We Are America

Voices of the Nation's Future

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Photo ofJanae Arcos

I grew up with separated parents. It was the norm for me. I found nothing wrong in having separated parents or going back and forth from each home. We were imperfect, just like everybody else. However, I was too young to understand. I am not an emotional person. It is hard for me to express my emotions, especially my negative feelings. Too young to understand, going through adolescence and finding out who I am. I began to realize that my norm was no longer my norm. I found myself surrounded by individuals who had both parents at home, but most importantly, they had a father. 

I found myself having difficulty accepting any love or presence from a male figure aside from my grandpa. I longed for my father's presence and love. Unsure of how to explain my feelings, I constantly asked myself, “why?” Why did I need anyone's love to feel validated? Why did it affect me this way? The reality was I didn't need his love to feel validated. I didn't need his presence to feel loved, but I did know there was a strong bond between a daughter and father that had taken a long break. I knew I needed my father's presence to have someone to look up to and show me his ways in life. I knew he could add to the love that my mother gave me. 

However, as time went on, it became difficult for me to spend time with him when it came time to reconnect with him. There were too many unanswered whys, too many strong negative feelings built up that I could not let out. I did not know how to let it all out. I did not hate him nor dislike him, but I realized I had grown accustomed to him no longer being present, so I began to ignore every emotion that came to me. The impact of his absence only exacerbated the loss of my aunt. It felt like a place in my heart was empty. It made me angry, still unable to express my emotions. Every strong feeling came back. I was furious, but I realized I could no longer remain unhappy and angry as time went on. My emotions poured out onto a paper in the form of this poem: The early morning breeze, cold and windy a normal day for a curious teen, comes to a heavy storm bringing grief to me at ease; the absence of being displeased lying there with machines; lifeless white strings beautiful as you redeem hearts of gold now giving you life, aid the heart of queens too soon, you knew, as to us is, Untold with time and pain, all we could do is breathe hoping all would heal with your endurance flaw to seek actions, awoke disbelief although your mere presence made much more sense, two twenty-four became like a grave dream though you left behind a beautiful scene. No longer having her presence and writing this poem to let out my feelings allowed me to become accepting of reality, showing me to hold grudges no longer but to love and let the past go. Life is too short to miss out on the love and life lessons my dad has given me. On the day we laid her to rest, we released butterflies, symbols of rebirth, transformation, change, hope, and life. I have come across millions of different butterflies, but only one determined my life’s story. She is my butterfly that brought change and gave me hope to accept Greater Love. I have learned to accept reality, and in return, I have been rewarded with happiness and my answers to “why.” How? The rebirth of my bond with my father has brought me a life of love and happiness.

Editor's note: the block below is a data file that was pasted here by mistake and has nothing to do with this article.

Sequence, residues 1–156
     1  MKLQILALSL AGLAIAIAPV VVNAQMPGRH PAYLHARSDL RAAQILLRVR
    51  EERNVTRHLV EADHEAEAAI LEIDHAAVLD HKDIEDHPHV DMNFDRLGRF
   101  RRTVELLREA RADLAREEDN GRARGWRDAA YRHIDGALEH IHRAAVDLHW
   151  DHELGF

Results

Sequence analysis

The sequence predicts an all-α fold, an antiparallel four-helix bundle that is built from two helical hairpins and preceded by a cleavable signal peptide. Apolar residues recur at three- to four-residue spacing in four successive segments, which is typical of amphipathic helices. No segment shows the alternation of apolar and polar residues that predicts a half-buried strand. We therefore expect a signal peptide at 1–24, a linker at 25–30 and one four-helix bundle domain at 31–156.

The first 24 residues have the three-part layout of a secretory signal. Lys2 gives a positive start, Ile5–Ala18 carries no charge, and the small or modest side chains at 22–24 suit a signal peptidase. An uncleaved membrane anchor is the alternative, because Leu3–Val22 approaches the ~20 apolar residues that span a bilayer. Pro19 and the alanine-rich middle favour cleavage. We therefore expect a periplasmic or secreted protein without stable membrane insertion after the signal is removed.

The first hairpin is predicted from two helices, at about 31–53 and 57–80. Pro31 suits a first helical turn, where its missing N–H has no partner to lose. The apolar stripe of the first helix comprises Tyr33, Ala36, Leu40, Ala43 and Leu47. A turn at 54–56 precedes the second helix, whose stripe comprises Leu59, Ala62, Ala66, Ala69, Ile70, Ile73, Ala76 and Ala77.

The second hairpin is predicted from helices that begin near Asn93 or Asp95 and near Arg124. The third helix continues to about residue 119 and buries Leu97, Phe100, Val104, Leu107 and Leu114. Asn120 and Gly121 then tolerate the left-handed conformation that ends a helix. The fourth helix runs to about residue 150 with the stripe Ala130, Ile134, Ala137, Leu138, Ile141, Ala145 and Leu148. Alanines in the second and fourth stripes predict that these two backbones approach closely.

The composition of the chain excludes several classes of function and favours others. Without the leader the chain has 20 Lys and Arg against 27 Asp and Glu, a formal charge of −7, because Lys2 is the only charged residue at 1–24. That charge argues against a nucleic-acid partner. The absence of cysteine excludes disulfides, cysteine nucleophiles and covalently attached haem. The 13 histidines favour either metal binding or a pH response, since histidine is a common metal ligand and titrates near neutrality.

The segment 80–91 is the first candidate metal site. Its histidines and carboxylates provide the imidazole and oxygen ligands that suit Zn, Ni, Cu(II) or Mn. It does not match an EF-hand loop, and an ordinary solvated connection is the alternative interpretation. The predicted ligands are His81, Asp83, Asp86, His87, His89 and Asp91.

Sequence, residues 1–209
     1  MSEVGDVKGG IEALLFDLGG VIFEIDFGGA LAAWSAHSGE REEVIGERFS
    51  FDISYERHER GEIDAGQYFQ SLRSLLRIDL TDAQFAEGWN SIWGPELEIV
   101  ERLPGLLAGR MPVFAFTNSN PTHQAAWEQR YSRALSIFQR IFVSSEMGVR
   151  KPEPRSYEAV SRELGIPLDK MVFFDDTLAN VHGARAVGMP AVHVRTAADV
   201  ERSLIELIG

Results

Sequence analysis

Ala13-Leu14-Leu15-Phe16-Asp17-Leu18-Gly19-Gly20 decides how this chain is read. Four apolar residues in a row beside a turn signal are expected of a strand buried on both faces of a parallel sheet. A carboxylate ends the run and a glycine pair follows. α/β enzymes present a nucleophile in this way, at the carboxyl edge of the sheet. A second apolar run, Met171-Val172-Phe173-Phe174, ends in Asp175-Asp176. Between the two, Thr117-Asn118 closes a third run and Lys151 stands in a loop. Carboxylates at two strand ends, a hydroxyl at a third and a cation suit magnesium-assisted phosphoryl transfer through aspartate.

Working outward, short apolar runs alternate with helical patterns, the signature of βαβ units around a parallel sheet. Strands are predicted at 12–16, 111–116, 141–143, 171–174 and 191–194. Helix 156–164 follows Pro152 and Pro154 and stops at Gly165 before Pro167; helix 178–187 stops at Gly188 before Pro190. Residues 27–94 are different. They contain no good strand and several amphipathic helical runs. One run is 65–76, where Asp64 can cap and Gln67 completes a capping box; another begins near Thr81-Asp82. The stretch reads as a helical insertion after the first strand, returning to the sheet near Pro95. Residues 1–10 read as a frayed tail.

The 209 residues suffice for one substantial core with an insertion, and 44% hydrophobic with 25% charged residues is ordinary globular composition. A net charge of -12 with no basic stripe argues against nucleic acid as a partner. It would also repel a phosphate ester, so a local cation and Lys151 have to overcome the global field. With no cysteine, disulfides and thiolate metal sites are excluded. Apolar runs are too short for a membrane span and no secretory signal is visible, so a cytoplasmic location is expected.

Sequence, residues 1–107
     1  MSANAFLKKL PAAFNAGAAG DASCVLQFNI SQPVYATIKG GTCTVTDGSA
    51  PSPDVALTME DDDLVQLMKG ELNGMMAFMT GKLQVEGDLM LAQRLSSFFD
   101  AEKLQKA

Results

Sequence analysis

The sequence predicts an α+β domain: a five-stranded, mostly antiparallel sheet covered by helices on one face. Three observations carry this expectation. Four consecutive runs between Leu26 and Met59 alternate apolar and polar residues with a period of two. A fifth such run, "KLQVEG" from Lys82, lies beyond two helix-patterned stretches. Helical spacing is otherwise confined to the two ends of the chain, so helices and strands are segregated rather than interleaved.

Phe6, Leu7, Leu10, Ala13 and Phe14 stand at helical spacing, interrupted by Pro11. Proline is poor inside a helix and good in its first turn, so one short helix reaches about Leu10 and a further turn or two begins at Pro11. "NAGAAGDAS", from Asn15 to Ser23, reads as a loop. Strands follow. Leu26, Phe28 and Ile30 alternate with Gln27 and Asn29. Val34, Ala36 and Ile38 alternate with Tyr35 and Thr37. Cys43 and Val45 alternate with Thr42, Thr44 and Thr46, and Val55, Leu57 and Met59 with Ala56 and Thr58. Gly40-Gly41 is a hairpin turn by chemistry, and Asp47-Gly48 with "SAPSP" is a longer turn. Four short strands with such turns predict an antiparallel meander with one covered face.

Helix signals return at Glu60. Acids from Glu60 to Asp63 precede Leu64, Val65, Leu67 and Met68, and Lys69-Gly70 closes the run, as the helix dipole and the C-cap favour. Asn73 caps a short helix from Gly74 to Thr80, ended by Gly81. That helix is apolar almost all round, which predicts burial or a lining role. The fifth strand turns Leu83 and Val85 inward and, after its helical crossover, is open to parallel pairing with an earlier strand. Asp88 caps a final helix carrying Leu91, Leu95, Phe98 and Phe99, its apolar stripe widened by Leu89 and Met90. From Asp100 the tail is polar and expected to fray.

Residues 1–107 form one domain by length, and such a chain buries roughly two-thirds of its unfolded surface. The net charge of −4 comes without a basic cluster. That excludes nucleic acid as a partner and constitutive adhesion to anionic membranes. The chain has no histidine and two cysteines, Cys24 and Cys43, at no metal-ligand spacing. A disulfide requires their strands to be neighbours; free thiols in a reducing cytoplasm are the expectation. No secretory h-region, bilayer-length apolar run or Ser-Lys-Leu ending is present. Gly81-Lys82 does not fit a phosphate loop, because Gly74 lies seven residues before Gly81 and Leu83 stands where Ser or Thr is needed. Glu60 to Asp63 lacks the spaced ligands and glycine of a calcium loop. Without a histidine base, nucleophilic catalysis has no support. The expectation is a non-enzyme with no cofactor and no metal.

© Janae Arcos. All rights reserved. If you are interested in quoting this story, contact the national team through this website and we can put you in touch with the young person's teacher.